This type of thinking is how you get the maximum use of your small garden. You never let a finished crop take up space when something else can be planted.

Just because you have a very limited space to work with you might think that you can’t grow sprawling plants, such as zucchinis, cucumbers, cabbages and eggplants.

So not true.

There are zucchinis that grow on very compact plants and cukes that have very short, but productive, vines. There are dwarf eggplants that take less time and space to grow (but they need lots of time and heat) and are considered to be top choices when it comes to taste. Similarly there are cabbages that are bred to be as small as a tennis ball or softball and yet their taste rivals all their larger cousins. And they take less time to mature.

Since tomatoes will undoubtedly be part of your garden, this is a perfect time for you to consider grafted varieties. If you can find grafted tomatoes they will absolutely maximize your space usage as they are nearly twice as productive as non-grafted types. This means twice the production in half the space.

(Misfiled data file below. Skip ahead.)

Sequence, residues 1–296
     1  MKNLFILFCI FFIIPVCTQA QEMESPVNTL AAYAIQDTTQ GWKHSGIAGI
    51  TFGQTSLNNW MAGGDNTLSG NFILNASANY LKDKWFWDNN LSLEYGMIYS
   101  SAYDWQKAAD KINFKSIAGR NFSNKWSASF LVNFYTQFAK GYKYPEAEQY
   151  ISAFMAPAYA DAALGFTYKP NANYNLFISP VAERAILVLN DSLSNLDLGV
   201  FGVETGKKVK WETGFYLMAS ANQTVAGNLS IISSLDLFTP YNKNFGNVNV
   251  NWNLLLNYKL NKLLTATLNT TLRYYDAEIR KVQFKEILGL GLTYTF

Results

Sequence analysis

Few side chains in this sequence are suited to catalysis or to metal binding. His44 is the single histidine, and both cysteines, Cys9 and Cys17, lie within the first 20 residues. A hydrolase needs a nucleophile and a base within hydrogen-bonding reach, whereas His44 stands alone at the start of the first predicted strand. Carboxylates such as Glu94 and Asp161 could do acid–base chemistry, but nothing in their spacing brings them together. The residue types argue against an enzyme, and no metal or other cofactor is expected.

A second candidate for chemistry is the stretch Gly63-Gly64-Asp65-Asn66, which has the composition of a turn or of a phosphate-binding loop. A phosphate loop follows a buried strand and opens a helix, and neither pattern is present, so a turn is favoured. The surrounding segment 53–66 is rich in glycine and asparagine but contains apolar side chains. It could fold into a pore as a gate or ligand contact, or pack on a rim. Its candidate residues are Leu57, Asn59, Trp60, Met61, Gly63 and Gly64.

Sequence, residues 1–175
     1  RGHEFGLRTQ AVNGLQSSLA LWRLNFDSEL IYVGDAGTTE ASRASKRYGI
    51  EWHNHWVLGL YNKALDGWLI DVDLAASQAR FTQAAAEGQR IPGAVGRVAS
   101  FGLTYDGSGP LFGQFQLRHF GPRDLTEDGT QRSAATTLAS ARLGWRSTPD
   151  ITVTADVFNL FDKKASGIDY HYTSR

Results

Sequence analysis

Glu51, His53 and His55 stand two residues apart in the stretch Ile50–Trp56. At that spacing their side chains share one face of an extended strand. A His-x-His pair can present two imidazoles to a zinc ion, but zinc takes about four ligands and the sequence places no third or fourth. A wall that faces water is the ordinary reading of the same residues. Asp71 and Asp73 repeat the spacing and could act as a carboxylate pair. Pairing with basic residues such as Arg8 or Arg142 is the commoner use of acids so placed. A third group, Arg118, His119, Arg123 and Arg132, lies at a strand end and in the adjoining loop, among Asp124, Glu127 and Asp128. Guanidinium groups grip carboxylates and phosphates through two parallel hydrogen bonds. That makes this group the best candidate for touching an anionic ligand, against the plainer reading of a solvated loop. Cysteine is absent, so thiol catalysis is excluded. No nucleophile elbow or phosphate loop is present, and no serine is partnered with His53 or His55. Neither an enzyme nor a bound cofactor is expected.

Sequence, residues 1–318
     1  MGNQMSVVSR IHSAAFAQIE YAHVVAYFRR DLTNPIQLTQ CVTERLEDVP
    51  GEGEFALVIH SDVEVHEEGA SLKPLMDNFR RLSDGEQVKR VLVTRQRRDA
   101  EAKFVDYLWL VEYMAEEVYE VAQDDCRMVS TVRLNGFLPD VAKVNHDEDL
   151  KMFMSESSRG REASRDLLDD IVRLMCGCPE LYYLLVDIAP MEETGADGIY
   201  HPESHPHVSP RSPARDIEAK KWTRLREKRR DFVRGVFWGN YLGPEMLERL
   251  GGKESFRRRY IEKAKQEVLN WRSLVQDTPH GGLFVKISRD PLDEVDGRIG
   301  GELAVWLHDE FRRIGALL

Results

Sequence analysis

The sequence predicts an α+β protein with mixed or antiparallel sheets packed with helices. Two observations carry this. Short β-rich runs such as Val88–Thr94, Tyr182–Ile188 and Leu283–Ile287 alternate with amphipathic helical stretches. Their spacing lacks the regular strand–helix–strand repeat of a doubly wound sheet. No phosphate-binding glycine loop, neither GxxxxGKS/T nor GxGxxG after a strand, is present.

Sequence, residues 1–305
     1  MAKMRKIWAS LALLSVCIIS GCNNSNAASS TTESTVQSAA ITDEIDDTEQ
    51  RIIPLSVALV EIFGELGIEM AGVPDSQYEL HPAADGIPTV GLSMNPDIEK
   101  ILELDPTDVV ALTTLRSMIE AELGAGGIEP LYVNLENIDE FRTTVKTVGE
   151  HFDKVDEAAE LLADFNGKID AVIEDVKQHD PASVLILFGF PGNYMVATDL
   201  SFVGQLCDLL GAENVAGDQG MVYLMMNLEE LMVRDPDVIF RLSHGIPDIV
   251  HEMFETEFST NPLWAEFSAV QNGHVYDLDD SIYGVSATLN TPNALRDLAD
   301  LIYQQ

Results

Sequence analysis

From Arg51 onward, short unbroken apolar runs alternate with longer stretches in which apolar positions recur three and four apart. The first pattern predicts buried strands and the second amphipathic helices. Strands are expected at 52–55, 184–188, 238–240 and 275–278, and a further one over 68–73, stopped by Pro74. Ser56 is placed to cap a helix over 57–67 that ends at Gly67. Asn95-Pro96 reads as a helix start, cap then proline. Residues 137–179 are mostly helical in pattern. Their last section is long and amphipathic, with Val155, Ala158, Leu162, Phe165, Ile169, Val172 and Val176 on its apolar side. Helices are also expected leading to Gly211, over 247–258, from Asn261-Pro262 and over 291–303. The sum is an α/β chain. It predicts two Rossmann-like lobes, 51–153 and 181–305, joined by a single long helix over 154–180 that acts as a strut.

When designing your plan, remember that you’ll need to be able to walk into your garden to weed, feed and harvest. Stepping stones or a simple serpentine path can be very effective—but again, maximize the space. Think about planting carrots, radishes and beets in between the stepping stones, just keep in mind that these are root crops and they need unobstructed room to grow downward.

Greens can be planted among plants or in rows along the outside edge of the garden where they’ll get light and air. While you want to get as much into this garden as you can, when you start to starve plants of light and limit the movement of air you end up with lower yields and a perfect scenario for diseases.

Mel Bartholomew may well be the father of modern intensive home vegetable gardening, which all started with his book, “Square Foot Gardening.” Recently updated, his “All New Square Foot Gardening” is available in paperback and a wonderful guide to your new, easy-to-maintain and deliciously productive vegetable garden.

Keep growing. And get to work.